Hogan Lending Muscle to State Senate Candidates as GOP Touts New Recruit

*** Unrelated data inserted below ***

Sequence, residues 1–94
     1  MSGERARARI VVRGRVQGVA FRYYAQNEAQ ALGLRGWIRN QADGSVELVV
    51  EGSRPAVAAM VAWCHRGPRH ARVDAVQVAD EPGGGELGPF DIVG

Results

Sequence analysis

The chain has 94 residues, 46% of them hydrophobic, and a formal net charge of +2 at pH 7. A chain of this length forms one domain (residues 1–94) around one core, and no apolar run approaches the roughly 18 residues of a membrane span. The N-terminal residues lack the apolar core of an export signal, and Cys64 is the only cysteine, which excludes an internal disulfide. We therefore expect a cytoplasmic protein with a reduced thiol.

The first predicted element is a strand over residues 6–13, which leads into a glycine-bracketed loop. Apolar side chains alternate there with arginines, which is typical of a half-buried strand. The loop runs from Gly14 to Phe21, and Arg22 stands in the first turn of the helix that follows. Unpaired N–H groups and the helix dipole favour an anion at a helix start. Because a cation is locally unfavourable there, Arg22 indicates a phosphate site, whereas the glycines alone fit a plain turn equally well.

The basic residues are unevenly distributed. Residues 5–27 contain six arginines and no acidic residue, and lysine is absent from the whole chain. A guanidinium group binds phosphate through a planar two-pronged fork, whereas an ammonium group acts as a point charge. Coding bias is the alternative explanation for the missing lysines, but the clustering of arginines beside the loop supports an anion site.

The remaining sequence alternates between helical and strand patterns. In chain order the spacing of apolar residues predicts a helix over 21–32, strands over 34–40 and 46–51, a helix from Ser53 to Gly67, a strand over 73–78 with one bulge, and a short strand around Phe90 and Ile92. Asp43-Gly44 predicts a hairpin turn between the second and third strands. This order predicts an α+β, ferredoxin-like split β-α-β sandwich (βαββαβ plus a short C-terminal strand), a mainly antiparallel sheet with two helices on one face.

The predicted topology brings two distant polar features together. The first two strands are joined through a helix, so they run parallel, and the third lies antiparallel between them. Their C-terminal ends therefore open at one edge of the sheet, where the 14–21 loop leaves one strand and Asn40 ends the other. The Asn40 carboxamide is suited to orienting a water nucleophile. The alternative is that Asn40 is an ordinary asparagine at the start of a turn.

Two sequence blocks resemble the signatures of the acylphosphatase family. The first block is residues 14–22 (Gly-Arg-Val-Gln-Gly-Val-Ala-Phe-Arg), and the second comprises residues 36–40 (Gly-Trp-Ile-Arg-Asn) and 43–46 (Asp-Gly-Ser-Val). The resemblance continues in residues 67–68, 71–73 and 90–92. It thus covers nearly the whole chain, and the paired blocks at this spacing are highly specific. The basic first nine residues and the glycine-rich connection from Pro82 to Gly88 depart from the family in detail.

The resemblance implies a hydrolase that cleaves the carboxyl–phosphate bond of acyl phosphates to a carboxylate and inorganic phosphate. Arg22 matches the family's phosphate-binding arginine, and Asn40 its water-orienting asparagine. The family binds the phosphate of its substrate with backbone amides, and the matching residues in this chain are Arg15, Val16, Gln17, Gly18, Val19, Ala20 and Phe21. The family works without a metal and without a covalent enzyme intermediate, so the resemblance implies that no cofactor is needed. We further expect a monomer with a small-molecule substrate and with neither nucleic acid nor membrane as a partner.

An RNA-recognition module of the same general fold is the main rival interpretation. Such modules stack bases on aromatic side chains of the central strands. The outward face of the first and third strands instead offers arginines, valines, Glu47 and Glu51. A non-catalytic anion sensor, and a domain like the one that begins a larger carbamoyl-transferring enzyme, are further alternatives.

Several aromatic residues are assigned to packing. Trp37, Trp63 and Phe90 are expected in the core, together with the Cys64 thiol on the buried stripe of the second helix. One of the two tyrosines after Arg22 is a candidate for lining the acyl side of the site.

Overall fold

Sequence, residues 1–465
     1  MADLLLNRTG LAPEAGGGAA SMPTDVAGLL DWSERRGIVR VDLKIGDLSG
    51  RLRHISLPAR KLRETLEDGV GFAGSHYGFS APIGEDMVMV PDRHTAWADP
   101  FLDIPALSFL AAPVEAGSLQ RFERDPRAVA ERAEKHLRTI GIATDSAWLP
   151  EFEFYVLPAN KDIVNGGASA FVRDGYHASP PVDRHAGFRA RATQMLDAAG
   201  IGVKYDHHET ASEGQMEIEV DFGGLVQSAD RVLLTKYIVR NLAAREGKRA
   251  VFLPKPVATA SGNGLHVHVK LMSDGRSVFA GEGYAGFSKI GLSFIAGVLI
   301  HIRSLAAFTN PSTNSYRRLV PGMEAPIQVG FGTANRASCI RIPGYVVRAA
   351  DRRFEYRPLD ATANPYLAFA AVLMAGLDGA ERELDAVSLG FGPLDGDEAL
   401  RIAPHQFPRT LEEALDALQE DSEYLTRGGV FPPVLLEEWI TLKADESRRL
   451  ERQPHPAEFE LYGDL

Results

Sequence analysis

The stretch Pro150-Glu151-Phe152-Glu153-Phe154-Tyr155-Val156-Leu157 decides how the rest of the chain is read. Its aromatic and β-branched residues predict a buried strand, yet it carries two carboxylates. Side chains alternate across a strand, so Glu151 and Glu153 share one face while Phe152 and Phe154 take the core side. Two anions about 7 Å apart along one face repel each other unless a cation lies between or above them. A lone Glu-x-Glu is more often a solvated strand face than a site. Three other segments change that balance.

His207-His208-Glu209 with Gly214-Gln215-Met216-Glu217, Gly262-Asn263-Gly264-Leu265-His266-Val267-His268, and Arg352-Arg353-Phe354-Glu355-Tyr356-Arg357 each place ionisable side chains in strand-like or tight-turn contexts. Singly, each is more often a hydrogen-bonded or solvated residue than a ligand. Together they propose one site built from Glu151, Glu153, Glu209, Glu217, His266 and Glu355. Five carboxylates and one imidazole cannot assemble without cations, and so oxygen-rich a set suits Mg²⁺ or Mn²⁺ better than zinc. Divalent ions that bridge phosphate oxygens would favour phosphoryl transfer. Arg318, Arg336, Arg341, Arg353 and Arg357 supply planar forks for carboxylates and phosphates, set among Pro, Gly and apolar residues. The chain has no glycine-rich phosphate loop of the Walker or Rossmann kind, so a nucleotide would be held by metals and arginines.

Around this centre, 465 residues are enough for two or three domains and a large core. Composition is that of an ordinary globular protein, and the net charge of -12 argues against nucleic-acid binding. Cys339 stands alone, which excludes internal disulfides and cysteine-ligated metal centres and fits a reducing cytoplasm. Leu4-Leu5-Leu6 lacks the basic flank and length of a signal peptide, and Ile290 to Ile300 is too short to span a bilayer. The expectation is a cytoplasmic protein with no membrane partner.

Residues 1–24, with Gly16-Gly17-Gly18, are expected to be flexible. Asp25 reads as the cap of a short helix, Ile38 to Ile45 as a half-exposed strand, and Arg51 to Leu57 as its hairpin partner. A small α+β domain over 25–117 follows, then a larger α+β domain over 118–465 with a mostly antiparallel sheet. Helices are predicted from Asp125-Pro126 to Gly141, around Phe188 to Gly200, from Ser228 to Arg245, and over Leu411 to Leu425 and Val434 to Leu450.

If Gov. Lawrence J. Hogan Jr. (R) wins re-election and Maryland Republicans are successful in swinging a handful of state Senate races this fall, Annapolis will be a very different place in 2019. That’s because the Democrats who control the legislature will no longer be able to overturn Hogan vetoes on their own, something they have done with relative ease since 2015. In an interview with Maryland Matters, Hogan declared he’s preparing to do his part in what the state GOP is calling the “Drive for Five.” Asked at last week’s Tawes Crab and Clam Bake if he plans to hit the campaign trail for candidates in Senate races deemed close or winnable, Hogan said, “Sure,” though he stressed he’s not taking his own race, against former NAACP president Benjamin T. Jealous (D), for granted. “I’m running like I’m 20 points behind instead of 20 points ahead,” he said. “I’m not taking anything for granted. I’m going to go to every single county and fight for every single vote. I’m working harder than ever. I’m working seven days and seven nights a week.”  Charles County businessman Bill Dotson has buoyed GOP hopes in the 28th Senate District.  “But we are helping some places where we think we can win a couple Senate seats.  I think there’s actually six, maybe seven Senate seats where we can make a difference, and I think we’re going to spend some time there.” Currently Democrats control 33 of the chamber’s 47 seats. It takes 29 votes to override a gubernatorial veto. Republicans believe they have just put another district in play. GOP leaders on Monday were touting a likely ballot switch between their candidates for state Senate and House of Delegates in Charles County – a place undergoing dynamic political change that has only intensified since powerful state Sen. Thomas M. “Mac” Middleton and Board of County Commissioners President Peter F. Murphy lost their Democratic primaries last month. Party leaders said the Republican Senate nominee in District 28, John Leonard, has declined his nomination to the seat. As a result, Bill Dotson, a businessman and chairman of the Charles County GOP, rejected his nomination to the House of Delegates and was selected by the Charles County Republican Central Committee to replace Leonard on the Senate ballot. A nominee will soon be selected to replace Dotson in the House race, and Leonard is expected to be tapped. Republicans have become increasingly optimistic about their chances to flip the 28th since Middleton, a six-term lawmaker and chairman of the Senate Finance Committee, was stunned in an acrimonious Democratic primary by Arthur Ellis, an Air Force veteran and accountant. They believe Dodson, who owns a “space management solution” company based in Charles County called Modern Door, can make the general election competitive.  “He has long roots in the community and could bring a lot of personal resources to the race,” Dirk Haire, chairman of the Maryland GOP, said in an interview. In a statement, Haire suggested that in contrast to Middleton, a political moderate, Ellis is too liberal for the district. “The far-left takeover of the Maryland Democratic Party has provided the Maryland Republican Party with a unique opportunity,” he said, describing Dotson as “a moderate businessman who can reach across the aisle and run a big tent campaign.”  Democratic Senate nominee Arthur Ellis.   Republicans are now targeting eight Democratic-held Senate seats. But despite their optimism – and Democratic fissures in the wake of the primary – Charles County presents a series of challenges for the GOP. Once white and rural, the county is now substantially suburban, an extension of the greater Washington, D.C., metropolitan area, with an increasingly diverse population. According to Census Bureau estimates, the county as of July 1, 2017 was 47.5 percent black compared to 44.3 percent white. Moreover, Charles County has become a Democratic stronghold and is increasingly electing African-Americans to public office. It was one of just four jurisdictions that Hogan lost in 2014, and the 28th District is the only Senate district that Republicans are targeting this year where Hogan lost four years ago. Republicans may be couching the general election in ideological terms, but race will undeniably be a factor below the surface – just as it was in the Democratic primary. At the same time Ellis, who is black, was defeating Middleton, who is white, in the Senate primary, former County Commissioner Reuben B. Collins, who is black, ousted Murphy, who is white, in the Democratic primary for County Commission president. All three Democratic nominees for House in the 28th District are African-American as well. In an interview Monday, Ellis said he was not convinced that Leonard – who could not be reached for comment Monday – is willing to remove himself from the Republican Senate ballot. He added that he was not fazed by the GOP maneuvering. “Whether it’s John Leonard or Bill Dotson, I welcome any competition from [President] Trump’s party in Charles County,” Ellis said. Dotson is clearly better equipped financially than Leonard to take on Ellis. Through early June, he had raised about $30,000 for his House campaign and reported $8,979 on hand at the time. Ellis had $25,534 in his campaign treasury early last month, fueled in part by $51,000 from his own pocket. Republicans continue to be optimistic that they can win five Democratic-held Senate seats, and even Democratic strategists concede that they could lose a few. The GOP targets, in rough order, are: — District 42, in Baltimore County, now held by Sen. James Brochin (D), who narrowly lost the Democratic primary for county executive. The Republican nominee is Del. Christopher R. West; the Democrats nominated Robbie Leonard, a former county party chairman. — District 38, on the Lower Shore, where Del. Mary Beth Carozza (R) is challenging Sen. James N. Mathias Jr. (D). — District 8, in Baltimore County, where Del. Christian J. Miele (R) is taking on Sen. Katherine A. Klausmeier (D). — District 3, in Frederick County, where businessman Craig Giangrande (R) is challenging Sen. Ronald N. Young (D). — District 30, in Anne Arundel County, where Sen. John C. Astle (D) is retiring. Former Del. Ronald A. George is the Republican nominee who will square off against Democratic activist Sarah Elfreth. — District 32, in Anne Arundel County, where Sen. James E. DeGrange Sr. (D) is retiring. The Republican nominee is County Councilman John J. Grasso, who will square off against Del. Pamela G. Beidle (D). Republicans also believe they have an outside chance in District 12, which straddles Howard and Baltimore counties. The incumbent senator, Edward J. Kasemeyer (D), is retiring. The Republican nominee is businessman Joe Hooe, who is taking on Del. Clarence K. Lam (D) in November. One of the reasons Republicans are optimistic about the Senate races is their belief that Hogan will have long coattails in November.   In the interview, Hogan noted that the candidates he endorsed in the June 26 Republican primary all emerged victorious in their respective races.  Hogan endorsed retired Department of Natural Resources Police Officer Jack Bailey in his race against Sen. Steve Waugh (R-St. Mary’s/Calvert). And he backed Maryland Insurance Commissioner Alfred Redmer Jr., the winner in the Baltimore County executive GOP primary, over Del. Patrick McDonough. He also endorsed and helped out Giangrande in the Frederick Senate primary and Anne Arundel Circuit Court Judge Mark W. Crooks, who was seeking retention in the Republican primary. “There were good candidates and they worked hard,” Hogan said. “But we went in and tried to help the ones that we thought needed a little boost and it worked. We won every race we got involved in.” [email protected] [email protected]